29. Prada and  Prejudice- Mandy Hubbard

  30. The Oracle of Dating- Allison Van Diepen

  31. Seven Year Switch- Claire Cook

  32. Obsession, Deceit, and Really Dark Chocolate- Kyra Davis

  33. The Swan Thieves- Elizabeth Kostova

  34. The Summer of Skinny Dipping- Amanda Howells

  35. The Karma Club- Jessica Brody

  36. The Clearing- Heather Davis

  37. The Carrie Diaries- Candace Bushnell

  38. Shadow Hills- Anastasia Hopcus

  39. Friend is Not A Verb- Daniel Ehrenhaft

  40. Leaving Paradise- Simone Elkeles

  41. Bruiser- Neal Schusterman

  42. Claire De Lune- Christine Johnson

  43. Lust, Loathing and a Little Lip Gloss- Kyra Davis

  44. Jumping Off Swings- Jo Knowles

  45. Survival in Auschwitz- Levi Primo

  46. Nightshade- Andrea Cremer

  47. Virgin Territory- James Lecesne

  48. Arcadia Falls- Carol Goodman

  49. The Eternal Ones- Kirsten Miller

  50. Bird in Hand- Christina Kline

  51. Just One Wish- Janette Rallison

  52. The Juliet Club- Suzanne Harper

  53. Crazy Love- Leslie Morgan Steiner

  54. Looking for Andrew McCarthy- Jenny Colgan

  55. Book of Love- Abra Ebner

  56. Nevermore- Kelly Creagh

  57. Beachcombers- Nancy Thayer

  58. Gimme a Call- Sarah Mlynowski

  59. The Duff- Kody Keplinger

  60. Summer's Child- Diane Chamberlain

  61. You Couldn't Ignore Me If You Tried- Susannah Gora

  62. Geek Abroad- Piper Banks

  63. Unchartered Unterritori- Tori Spelling

  64. Tyger Tyger - Kersten Hamilton

  65. O' Juliet- Robin Maxwell

  66. Return to Paradise- Simone Elkeles

  67. Just Like Me, Only Better- Carol Snow

  68. Mockingjay- Suzanne Collins

  69. Cracked Up To Be- Courtney Summers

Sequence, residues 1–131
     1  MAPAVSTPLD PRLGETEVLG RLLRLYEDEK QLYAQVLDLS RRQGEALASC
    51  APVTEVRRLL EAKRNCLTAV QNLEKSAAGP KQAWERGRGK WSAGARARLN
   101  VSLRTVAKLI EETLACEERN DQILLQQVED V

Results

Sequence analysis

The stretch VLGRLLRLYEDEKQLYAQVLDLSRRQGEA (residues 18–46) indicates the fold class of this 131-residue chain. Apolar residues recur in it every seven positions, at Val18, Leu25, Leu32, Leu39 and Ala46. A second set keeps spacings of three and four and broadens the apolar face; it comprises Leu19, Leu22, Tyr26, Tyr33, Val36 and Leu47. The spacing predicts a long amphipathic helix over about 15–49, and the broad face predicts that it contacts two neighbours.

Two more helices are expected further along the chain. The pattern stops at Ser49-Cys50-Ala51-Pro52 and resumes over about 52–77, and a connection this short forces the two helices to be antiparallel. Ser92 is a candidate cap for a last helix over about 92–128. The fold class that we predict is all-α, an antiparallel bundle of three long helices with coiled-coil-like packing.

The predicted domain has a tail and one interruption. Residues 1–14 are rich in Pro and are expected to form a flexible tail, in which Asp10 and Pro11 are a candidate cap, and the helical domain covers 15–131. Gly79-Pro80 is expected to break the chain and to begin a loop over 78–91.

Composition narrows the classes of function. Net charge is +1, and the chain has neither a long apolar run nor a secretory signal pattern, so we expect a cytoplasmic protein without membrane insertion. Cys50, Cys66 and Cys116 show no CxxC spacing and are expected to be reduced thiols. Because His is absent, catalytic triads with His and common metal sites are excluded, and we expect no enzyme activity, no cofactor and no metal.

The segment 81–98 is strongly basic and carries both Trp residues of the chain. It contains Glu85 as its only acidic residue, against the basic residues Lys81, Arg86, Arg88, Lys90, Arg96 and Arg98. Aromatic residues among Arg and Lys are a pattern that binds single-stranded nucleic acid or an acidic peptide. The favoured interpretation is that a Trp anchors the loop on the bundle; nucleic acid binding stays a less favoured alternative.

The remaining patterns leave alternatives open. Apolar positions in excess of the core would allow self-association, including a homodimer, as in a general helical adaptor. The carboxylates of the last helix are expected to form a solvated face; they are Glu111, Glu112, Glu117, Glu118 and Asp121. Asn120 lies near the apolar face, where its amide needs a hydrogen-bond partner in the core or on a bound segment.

70. When We Were Gods: A Novel of Cleopatra - Colin Falconer
  71. One for the Money- Janet Evanovich
  72. Love in Mid Air- Kim Wright
  73. Two for the Dough- Janet Evanovich
  74. Shoe Addicts Anonymous- Beth Harbison
  75. The Weight of Silence- Heather Gudenkauf
  76. Just Listen- Sarah Dessen
  77. Sonata for Miriam- Linda Olsson
  78. Into the Wild- Jon Krakauer
  79. Incantation- Alice Hoffman
  80. You Had Me at Halo- Amanda Ashby
  81. The little Stranger- Sarah Waters
  82. The Kite Runner- Khaled Hosseini
  83. The Transformation of Things-Jillain Cantor
  84. Jane - April Lindner
  85. Something, Maybe- Elizabeth Scott
  86. Bright Lights, Big Ass- Jen Lancaster
  87. Rules of Attraction- Simone Elkeles
  88. This Lullaby- Sarah Dessen
  89. The Christmas Gift- R. William Bennett
  90. Super in the City- Daphne Uviller
  91. Juliet - Anne Fortier
  92. Crash Into Me- Albert Borris
  93. Lucky- Alice Sebold
  94. Rumor Has It- Jill Mansell
  95. Match Me If You Can- Susan Elizabeth Phillips
  96. Shit My Dad Says- Justin Halpern
  97. The True Story of Hansel and Gretel- Louise Murphy
  98. Starting From Square Two - Caren Lissner

Sunday Salon




This week was another slow week for me, and with the kids out for the Thanksgiving Holiday, I doubt I'll get that much reading done this week.  I finally got rid of that sore throat, and throbbing earache, but today I woke up congested, and my body is aching. Can I get a break!

With the new year just around the corner I've noticed all the challenges being posted.  I'm still lurking around reading about all the new challenges, looking forward to choosing which ones I'll be joining.   Right now I have a TBR of 350 plus, so I really don't want to buying so many books in 2010.  My main goal is getting some of these books read I have here, before adding more.  I will have to choose challenges that don't require me to have to go out and buy books.